The Buzz on Honey

Make a beeline for one of nature’s tastiest foods derived from herbs.


| September/October 2005



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Rick Wetherbee

Honey is an effective wound healer with antibacterial, anti-inflammatory and antioxidant properties.

Throughout human existence, honey has been one of nature’s culinary wonders. But the value of this elixir hasn’t been strictly for the taste buds: Honey also has been valued for its healing properties, used to treat ailments of the internal organs and the skin. Hippocrates recommended using honey for optimal health, the ancient Egyptians used it as a salve to treat wounds and Cleopatra considered it part of her daily beauty routine (honey naturally attracts and retains moisture).

Scientists are rediscovering just how diverse honey’s healing properties really are. A natural “nutraceutical,” honey is an effective wound healer with antibacterial and anti-inflammatory properties (see “Honey’s Health Benefits” on Page 50). Honey also functions as an antioxidant (darker-colored honeys usually are more potent), including one unique to honey called pinocembrin that’s an extremely concentrated antioxidant.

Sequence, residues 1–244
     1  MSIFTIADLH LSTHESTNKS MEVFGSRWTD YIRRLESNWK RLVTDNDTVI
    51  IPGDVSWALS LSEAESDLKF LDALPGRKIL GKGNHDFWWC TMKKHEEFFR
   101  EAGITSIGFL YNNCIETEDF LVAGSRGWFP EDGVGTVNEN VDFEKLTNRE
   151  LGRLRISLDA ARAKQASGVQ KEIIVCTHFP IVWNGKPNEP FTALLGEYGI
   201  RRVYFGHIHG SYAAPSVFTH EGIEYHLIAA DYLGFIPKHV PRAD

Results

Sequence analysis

This natural bee byproduct contains a swarm of nutrients and enzymes. Its antimicrobial activity is believed to be mostly the result of an enzyme (glucose oxidase) that produces hydrogen peroxide. Certain honeys have even been shown to treat gingivitis and stop the growth of dental plaque.

Which Honey is Right for You?

Honey results from the involvement of three important players: the honeybee, flower nectar and enzymes. When flowers are in bloom, the bees collect nectar and carry it back to the hive. (A single honeybee easily can collect nectar from several hundred flowers during one trip.) The bees ingest the nectar, which mixes with their digestive enzymes. Back in the hive, they regurgitate the nectar and store it in the honeycomb. The honeycomb is left unsealed and the bees inside the hive fan their wings, which creates a strong draft across the honeycomb. This evaporates much of the water from the nectar, which raises the sugar concentration and prevents fermentation. Once the beekeeper removes the honey from the hive, it has a long shelf life and will not ferment.

Honey is especially prized for use in baking and marinades, as well as for its distinctive flavors. With more than 300 types of honey available in the United States alone, there’s a cornucopia of culinary distinction to be discovered. Though honey is produced in every state, certain types of honey — for example, poison oak, meadowfoam or tupelo — are only produced in selective regions.





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